“It’s just a whale,” says Owen Chase (Chris Hemsworth) as what’s left of his crew is being attacked by a ghostly white monstrous sperm whale that’s determined to kill them all in the action thriller, In the Heart of the Sea.
In 1820, the New England whaling ship the Essex left to go whaling with a first-time Captain named George Pollard (Benjamin Walker) at the wheel along with his assigned first mate, Owen, who has many years under his belt working on whaling boats. The two men do not get along mostly due to their class distinction and because Owen had originally been promised to get his Captain’s license by the investors and owners of the ships. They had gone back on their word preferring to have someone like Pollard whose descendants come from a long line of sea captains.
It’s in the winter of their voyage that the Essex, which had sailed further than most whaling ships dare because it was desperate to make its fortune, is attacked by a gigantic lone whale that seems bent on their destruction. The damage to the ship is insurmountable and the Essex goes down, leaving the men to abandon ship and struggle to stay alive in three lifeboats. Facing storms, starvation, dehydration, and the deadly mammoth whale that follows their adrift boats, the crew struggle to survive while Captain Pollard searches for a direction in hopes of finding land. His first mate Owen senses the presence of the monster whale and strives to kill it.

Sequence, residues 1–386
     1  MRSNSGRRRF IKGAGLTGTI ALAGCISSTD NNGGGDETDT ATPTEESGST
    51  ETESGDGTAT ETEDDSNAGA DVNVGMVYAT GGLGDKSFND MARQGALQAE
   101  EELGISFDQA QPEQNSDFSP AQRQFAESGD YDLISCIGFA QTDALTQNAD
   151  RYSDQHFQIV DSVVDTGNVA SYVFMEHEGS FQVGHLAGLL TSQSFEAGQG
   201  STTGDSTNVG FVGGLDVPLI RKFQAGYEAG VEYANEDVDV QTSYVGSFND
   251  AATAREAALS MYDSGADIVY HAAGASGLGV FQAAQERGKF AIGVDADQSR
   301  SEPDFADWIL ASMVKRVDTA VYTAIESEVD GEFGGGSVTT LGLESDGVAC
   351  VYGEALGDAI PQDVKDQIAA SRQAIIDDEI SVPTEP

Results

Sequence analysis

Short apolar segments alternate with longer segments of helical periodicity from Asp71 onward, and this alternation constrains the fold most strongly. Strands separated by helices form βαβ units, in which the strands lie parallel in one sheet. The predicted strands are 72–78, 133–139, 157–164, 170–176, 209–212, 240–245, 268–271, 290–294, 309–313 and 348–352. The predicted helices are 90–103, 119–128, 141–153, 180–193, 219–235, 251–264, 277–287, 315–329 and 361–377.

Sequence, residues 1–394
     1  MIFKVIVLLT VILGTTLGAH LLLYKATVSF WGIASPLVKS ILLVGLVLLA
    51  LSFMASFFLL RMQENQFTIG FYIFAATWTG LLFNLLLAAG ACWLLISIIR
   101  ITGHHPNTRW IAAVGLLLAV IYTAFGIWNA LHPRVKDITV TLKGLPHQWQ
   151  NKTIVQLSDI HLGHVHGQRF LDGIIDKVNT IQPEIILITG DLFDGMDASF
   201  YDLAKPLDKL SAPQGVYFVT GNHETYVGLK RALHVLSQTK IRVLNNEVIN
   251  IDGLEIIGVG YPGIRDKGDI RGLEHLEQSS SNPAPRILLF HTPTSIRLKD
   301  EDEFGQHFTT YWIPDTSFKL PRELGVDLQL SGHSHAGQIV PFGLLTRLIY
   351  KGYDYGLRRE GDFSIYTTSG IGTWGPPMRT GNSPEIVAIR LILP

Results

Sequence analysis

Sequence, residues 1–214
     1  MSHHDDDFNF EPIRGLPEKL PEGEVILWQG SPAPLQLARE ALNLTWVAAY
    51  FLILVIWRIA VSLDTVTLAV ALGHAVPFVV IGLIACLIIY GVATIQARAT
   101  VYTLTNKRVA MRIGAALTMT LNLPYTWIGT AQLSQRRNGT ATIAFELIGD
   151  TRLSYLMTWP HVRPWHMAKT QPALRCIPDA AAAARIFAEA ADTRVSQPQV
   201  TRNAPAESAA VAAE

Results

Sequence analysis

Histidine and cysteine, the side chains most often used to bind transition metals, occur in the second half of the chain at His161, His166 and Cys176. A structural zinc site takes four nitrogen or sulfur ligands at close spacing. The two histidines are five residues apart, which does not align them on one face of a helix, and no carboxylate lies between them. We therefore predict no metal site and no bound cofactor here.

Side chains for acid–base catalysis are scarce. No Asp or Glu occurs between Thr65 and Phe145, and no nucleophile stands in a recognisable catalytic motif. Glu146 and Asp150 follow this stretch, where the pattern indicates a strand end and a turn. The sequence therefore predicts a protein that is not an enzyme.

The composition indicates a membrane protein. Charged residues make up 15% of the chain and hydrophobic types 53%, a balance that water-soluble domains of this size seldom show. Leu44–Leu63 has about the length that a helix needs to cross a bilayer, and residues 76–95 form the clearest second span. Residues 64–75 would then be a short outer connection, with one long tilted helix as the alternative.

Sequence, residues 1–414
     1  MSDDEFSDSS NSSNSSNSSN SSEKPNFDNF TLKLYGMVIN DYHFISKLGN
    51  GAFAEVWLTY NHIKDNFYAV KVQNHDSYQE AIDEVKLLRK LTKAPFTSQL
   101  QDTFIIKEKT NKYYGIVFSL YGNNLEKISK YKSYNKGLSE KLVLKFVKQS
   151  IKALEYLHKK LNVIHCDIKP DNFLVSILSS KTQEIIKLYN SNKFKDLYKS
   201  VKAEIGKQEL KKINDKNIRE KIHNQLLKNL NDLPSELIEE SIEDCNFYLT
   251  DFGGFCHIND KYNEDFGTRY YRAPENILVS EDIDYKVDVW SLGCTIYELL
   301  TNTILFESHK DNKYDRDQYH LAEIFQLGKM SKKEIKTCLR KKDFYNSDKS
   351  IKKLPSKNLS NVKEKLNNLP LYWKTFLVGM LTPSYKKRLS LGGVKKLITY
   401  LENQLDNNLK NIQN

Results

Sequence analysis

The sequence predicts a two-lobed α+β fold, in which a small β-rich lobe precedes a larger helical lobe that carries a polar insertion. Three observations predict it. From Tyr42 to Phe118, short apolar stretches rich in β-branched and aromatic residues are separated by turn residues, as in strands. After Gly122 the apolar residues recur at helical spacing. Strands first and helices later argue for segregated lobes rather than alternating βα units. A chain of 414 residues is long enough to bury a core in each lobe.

Based on a true story and directed by Ron Howard, In the Heart of the Sea is a visually impressive film with stunning special effects and a frightening first attack by the monster whale. The best scenes in the film are, as expected, when the giant sperm whale is attacking the whalers and their ship.
The performances are adequate but fairly one-dimensional, and the negative dynamic between Captain Pollard and his first officer Owen Chase seems lifted from the classic film Mutiny on the Bounty. Unfortunately, in many ways In the Heart of the Sea feels like nothing more than a second rate Moby Dick meets Mutiny on the Bounty.
The one standout performance in the film is delivered by Brendan Gleeson who portrays Tom Nickerson, the surviving ship hand who was only a boy when the incident happened. Gleeson’s character tells the story of what really took place to struggling author Herman Melville, played by Ben Whishaw. The emotions Gleeson displays of his character’s disgust, sorrow, and self-loathing of everything the men had to do to try to survive is the only heart and soul the movie has and does help keep it from being just an average disaster/adventure film.
With first-rate special effects and a truly frightening monster whale hunting the sailors, In the Heart of the Sea is worth catching up on the big screen but at the matinee price.
MPAA Rating: PG-13 for intense sequences of action and peril, brief startling violence, and thematic material
Running Time: 121 minutes